Video Transcript

Hello everyone, welcome back to TNT. My name is Hobbs, I’m your host this evening and we're going to be talking about the difference between a hypothesis and a hunch as it relates to business intelligence problems.

Welcome back everyone, my name is Hobbs. I would like to tell you a story. I was working with a client a few years ago and they had a KPI (key performance indicator) that they absolutely, as a company, at the highest levels, in front of stakeholders, swore by. They said it was the best way to measure the effectiveness and profitability of their company. I won't tell you anymore details than that but suffice it to say they have this KPI that they loved. And everyone assumed that this KPI was tightly correlated with profitability. So then I was brought in and another analyst was brought in and we began working on a variety of BI projects, trying different things out. And one of the days I had a little bit of free time on my hands and so I sat down, and I said, ‘I wonder if that's true? What if instead of treating this as kind of like a hunch that everyone thinks this is true, what have we test it?’

So, I checked. I checked individual transactions and then clients as a whole, and I compared their profitability and this other KPI and there was no correlation between these two things. This company had built all of their analytics, that’s a bit of an exaggeration, but most of their analytics, around this concept that was based on a hunch. The hunch that A was connected to B. And it was only after we really looked at the data that we discovered that they weren't.

So, today as a best practice, what I would like to propose to you is focus on hypotheses not hunches. And let's define those two terms. In your brain, probably when you think about hypothesis you think of the scientific method, and that's where I’d like you to go. A hypothesis is something that is testable. You could run a test and at the end of that test say either it's true or it's not true or you know its partially true, somewhere in the middle. A hunch is not something we inherently think of as testable. We just have this feeling that something is accurate and correct.

So, what I'd like you to do in the next BI project that you're involved with, keep an ear out for people's hunches. Pay attention to the way they talk about their data, and their business in particular. As they talk about that business, are there any places where they're just assuming that this one thing matters or is important or connected to this other thing? And whenever you encounter that, as an analyst, one of the best things you can do is say, ‘let's check that’, right? ‘Let's test this hypothesis.’ And through that, that's where you can have some really transformative moments for companies. Where they can realize that the way they're running their business may not be the way they should be running their business, based on the actual facts of the case.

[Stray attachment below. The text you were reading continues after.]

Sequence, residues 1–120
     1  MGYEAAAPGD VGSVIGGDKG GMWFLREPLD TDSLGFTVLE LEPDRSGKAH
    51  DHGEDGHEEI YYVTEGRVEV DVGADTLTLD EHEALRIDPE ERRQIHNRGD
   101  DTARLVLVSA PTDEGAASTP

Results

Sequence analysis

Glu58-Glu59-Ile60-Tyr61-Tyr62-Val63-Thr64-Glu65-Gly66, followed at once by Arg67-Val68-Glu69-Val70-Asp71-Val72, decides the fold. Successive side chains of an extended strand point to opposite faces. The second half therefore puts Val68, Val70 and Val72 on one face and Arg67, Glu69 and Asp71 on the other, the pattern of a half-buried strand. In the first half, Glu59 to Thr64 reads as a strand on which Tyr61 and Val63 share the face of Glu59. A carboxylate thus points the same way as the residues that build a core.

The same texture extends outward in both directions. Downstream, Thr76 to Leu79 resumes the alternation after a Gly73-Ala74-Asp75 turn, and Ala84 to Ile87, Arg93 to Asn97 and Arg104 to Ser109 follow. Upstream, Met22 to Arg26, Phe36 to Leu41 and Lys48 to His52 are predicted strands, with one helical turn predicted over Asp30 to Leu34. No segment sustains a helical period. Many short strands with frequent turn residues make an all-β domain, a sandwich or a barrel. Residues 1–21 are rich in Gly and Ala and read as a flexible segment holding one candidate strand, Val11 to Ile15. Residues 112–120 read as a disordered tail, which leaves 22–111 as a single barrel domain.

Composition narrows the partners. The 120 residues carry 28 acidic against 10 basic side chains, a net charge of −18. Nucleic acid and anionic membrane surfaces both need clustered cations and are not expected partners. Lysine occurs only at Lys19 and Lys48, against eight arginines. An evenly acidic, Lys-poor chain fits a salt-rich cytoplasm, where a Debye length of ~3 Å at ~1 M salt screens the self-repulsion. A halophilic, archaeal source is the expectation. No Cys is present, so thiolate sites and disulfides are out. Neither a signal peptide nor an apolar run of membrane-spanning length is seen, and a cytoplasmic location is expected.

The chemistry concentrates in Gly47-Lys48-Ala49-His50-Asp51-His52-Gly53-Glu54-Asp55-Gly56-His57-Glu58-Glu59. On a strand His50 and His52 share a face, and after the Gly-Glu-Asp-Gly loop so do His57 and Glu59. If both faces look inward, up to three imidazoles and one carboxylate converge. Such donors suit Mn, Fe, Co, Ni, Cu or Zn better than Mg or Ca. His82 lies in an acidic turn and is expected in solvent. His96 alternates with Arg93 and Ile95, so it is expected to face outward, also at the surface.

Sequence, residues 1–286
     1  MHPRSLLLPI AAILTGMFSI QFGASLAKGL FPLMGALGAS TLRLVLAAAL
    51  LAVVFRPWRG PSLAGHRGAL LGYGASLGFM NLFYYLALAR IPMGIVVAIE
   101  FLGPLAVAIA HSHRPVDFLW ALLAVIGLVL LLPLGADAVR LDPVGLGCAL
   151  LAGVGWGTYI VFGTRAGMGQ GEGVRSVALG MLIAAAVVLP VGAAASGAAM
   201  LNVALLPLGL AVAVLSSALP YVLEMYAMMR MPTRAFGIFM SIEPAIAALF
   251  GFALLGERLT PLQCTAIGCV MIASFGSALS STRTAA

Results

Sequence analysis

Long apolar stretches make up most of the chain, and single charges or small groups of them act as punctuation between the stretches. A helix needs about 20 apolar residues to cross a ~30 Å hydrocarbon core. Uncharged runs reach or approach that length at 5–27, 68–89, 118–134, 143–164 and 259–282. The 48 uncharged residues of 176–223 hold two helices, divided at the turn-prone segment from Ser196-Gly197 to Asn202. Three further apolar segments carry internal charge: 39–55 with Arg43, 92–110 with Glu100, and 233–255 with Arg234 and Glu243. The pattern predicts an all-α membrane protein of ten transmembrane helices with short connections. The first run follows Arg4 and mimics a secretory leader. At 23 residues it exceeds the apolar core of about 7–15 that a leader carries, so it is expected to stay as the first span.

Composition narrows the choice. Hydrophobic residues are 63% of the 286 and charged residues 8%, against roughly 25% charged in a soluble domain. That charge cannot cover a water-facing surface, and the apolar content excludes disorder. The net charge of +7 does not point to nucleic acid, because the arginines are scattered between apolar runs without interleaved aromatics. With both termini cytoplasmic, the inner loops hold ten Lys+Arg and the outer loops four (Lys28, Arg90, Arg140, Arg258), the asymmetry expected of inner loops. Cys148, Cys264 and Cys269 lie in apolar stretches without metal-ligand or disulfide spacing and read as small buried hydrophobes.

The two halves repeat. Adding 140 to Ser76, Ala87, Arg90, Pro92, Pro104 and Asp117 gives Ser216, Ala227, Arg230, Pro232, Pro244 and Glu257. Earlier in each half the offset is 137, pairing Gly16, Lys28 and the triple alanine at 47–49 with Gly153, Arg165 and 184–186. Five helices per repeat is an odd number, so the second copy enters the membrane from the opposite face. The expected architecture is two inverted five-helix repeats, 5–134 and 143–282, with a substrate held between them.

So, to recap that really quickly, what I'm asking of you as my audience, right? As analysts or managers or companies interested in business intelligence, if you have a hunch about the way your business runs, test it. Take that hunch and transform it into a hypothesis so that you can truly be making sure that the data drives your decision making. And you don't end up in a spot where the primary KPI you're reporting to your stakeholders is one that isn't actually connected with your success.

Thank you for watching everyone, I hope you enjoy this video. If you've got any comments for me, by all means leave them here. Find me on LinkedIn, come and check out our website or our other blogs. If you would like to us to come in and do some analysis for you, will be very happy to come alongside and partner with you in any way that we can. Otherwise, I will see you next week.